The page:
Back in the car, head up the east side of the peninsula (using the M4) to Boulder’s Beach (35min) and have a quick visit with the penguins. Continue up M4 and drive to St James (25 min), when you find the brightly coloured beach huts. Pull over and walk back along the beach to the huts for some photo opportunities of the colourful facades framing the tidal rock pool.

After Boulder’s Beach, head back south along the M4 to Kalk Bay (5min). Have dinner at Livebait, a great, reasonably priced seafood restaurant so close to the front the waves are lapping at the deck, with seals sunbaking in front of you. Spend the night at Kalk Bay and enjoy the low-key hippy vibe with plenty of places to drink overlooking the sea.

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Kalk Bay
2 hours, 40minutes:  Cape Town – Hout Bay – Cape Point Drive – Kalk Bay
Excellent Seafood in Kalk Bay

Day 5 | Exploring the coast from Kalk Bay to Hermanus

After an early morning potter around Kalk Bay, jump in the car and drive to Hermanus, but defy the SatNav and take the ocean road past Gordon’s Bay and Betty’s Bay, rather than the quicker inland route. This is a beautiful 2-hour drive with whale spotting opportunities for your keen-eyed passengers.

Hermanus is about walking along the cliff tops, spotting whales and strolling around the Old Harbour. It’s a nice place, but one night is probably enough. The walk along the front goes for about 10km from New Harbour to Grotto beach so just pick the section you want to do and spend the late afternoon enjoying the views across the bay.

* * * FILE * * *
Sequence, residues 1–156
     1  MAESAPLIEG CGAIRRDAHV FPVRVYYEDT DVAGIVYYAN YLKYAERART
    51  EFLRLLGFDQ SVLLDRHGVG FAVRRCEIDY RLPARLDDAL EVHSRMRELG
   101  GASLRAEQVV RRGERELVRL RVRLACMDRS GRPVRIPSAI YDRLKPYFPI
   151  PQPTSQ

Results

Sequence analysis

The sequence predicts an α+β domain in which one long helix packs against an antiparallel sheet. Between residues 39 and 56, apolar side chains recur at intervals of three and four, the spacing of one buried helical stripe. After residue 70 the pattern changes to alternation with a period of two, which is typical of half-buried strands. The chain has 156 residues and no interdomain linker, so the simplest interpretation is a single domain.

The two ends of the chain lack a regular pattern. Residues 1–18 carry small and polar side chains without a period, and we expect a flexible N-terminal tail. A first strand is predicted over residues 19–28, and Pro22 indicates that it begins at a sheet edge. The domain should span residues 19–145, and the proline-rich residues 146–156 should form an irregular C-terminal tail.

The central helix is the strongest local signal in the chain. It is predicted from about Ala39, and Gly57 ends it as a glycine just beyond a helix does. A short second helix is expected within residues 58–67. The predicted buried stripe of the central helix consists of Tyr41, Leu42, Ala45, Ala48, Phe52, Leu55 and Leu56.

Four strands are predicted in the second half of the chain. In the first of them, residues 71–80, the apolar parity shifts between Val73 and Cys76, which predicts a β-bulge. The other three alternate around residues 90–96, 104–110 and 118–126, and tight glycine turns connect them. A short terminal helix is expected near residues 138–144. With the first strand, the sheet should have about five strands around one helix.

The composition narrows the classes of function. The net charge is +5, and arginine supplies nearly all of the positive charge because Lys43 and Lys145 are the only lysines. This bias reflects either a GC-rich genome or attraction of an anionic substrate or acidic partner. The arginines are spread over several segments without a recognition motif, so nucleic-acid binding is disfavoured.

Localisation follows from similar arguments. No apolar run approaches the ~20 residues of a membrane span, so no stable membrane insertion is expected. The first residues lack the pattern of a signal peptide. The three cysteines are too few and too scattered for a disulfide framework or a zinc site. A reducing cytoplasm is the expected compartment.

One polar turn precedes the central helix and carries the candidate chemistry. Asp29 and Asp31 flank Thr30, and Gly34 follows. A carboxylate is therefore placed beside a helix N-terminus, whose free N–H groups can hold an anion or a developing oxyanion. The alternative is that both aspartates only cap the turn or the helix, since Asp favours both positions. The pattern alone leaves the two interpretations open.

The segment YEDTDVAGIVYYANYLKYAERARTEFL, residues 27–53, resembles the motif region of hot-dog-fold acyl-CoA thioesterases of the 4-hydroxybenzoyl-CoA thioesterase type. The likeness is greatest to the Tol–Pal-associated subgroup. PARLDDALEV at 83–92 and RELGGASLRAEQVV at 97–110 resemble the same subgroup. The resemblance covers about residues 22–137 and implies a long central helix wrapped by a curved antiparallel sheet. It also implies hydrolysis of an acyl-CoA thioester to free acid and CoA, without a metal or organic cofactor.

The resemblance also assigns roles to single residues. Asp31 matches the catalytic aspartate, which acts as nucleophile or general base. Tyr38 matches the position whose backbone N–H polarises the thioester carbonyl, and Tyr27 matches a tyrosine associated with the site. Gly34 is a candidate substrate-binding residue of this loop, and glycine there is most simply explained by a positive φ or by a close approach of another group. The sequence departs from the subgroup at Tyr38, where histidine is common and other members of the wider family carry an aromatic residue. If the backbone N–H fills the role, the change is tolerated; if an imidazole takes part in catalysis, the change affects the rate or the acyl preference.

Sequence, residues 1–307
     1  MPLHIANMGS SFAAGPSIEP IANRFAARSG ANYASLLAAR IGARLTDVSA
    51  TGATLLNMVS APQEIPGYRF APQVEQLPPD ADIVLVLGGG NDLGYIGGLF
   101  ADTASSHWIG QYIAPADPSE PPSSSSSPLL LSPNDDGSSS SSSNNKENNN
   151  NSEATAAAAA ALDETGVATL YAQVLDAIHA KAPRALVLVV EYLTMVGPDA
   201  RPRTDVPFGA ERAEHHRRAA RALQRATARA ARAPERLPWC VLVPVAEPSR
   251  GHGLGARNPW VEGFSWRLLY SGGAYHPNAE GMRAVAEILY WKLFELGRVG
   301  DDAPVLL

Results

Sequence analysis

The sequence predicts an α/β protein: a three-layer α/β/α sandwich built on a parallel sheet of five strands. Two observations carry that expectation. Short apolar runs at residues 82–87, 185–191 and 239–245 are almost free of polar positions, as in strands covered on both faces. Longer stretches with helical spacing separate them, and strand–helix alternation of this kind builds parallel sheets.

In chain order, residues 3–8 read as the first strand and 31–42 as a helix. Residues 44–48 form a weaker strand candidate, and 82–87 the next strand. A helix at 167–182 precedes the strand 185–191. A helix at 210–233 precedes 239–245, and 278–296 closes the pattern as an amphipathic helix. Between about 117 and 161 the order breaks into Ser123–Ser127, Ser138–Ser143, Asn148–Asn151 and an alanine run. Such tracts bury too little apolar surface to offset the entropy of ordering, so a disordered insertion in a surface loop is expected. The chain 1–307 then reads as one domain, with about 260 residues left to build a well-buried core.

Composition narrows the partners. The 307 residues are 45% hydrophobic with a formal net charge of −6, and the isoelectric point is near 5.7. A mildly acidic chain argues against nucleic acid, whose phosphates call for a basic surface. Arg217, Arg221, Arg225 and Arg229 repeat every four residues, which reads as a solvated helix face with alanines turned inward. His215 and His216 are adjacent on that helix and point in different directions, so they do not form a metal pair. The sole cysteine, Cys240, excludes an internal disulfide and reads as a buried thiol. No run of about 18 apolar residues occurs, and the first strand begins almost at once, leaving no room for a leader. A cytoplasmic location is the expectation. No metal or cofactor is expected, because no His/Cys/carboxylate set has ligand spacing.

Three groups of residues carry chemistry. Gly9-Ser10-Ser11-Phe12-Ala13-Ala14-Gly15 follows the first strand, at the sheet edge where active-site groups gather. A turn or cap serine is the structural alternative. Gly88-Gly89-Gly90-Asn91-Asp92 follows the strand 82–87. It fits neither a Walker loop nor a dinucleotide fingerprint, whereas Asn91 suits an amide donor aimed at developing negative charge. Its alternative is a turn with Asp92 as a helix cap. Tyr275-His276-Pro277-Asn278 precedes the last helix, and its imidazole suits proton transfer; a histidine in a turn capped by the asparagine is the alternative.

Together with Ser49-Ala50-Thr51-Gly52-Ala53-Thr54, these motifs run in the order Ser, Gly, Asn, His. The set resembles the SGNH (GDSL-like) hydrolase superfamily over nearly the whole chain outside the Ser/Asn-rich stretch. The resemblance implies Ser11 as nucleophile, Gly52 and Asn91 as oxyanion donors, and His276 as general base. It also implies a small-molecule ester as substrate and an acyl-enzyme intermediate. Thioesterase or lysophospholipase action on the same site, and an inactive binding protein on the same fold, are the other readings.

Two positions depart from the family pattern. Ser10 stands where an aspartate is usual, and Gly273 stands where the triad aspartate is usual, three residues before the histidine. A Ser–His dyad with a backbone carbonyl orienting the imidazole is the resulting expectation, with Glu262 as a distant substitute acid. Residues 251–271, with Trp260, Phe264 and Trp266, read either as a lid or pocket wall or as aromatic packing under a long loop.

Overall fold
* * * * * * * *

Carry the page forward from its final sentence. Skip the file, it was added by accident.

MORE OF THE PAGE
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Hermanus
2 hours: Kalk Bay to Hermanus
Beautiful South African ocean drive

Day 6 | Touring the Garden Route from Hermanus to Plettenberg

This morning, take a kayaking tour with Walker Bay Adventures – the only company permitted to provide kayaking tours in the area – and try your luck with a bit of whale spotting. If the whales don’t perform for you, there is still plenty of other stuff to be seen, not to mention some great views across Hermanus. We took the 2-hour tour which was R400 at the time of our visit – booking in advance is recommended.

After the tour, get in the car and start making your way to Plettenberg Bay. Stop for a coffee at Blue Shed Coffee Roastery in Mossel Bay; a very cool café serving great coffee in an old shed with a rustic industrial feel. It does take a bit of effort to get to because you need to drive through town, so non-coffee addicts could probably keep going on to Plettenberg.

From Mossel Bay, Plettenberg is another 1 hour 50 minutes. Stay at Milkwood Manor on Lookout beach and ask them about the fascinating story of the flood and the effect it had on the beach. It will explain why there is a sign measuring the depth of the pool right on the beach, with no pool to be seen anywhere.

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Plettenberg
4 hours, 50 minutes: Hermanus to Plettenberg
Whale spotting on the sea kayaking tour in Hermanus

Day 7 | The Dramatic Robberg Peninsular

Make an early start this morning and drive to Robberg Nature Reserve to do the Robberg Peninsular Walk, a spectacular cliff top walk that rates very well on our list of top walks around the world. From the nature reserve follow the signs for the walk, which will take you on a magnificent circuit of the peninsula on a golden rocky path that hugs the cliff tops.  The views across the ocean are phenomenal and the scenery changes as regularly as the wildlife.  If you’re lucky (as we were) you might even spot a whale or two off in the distance. Towards the end of the walk, you will arrive at a beautiful untouched beach with large rolling sand dunes and pristine water – the perfect way to cool off after your long walk.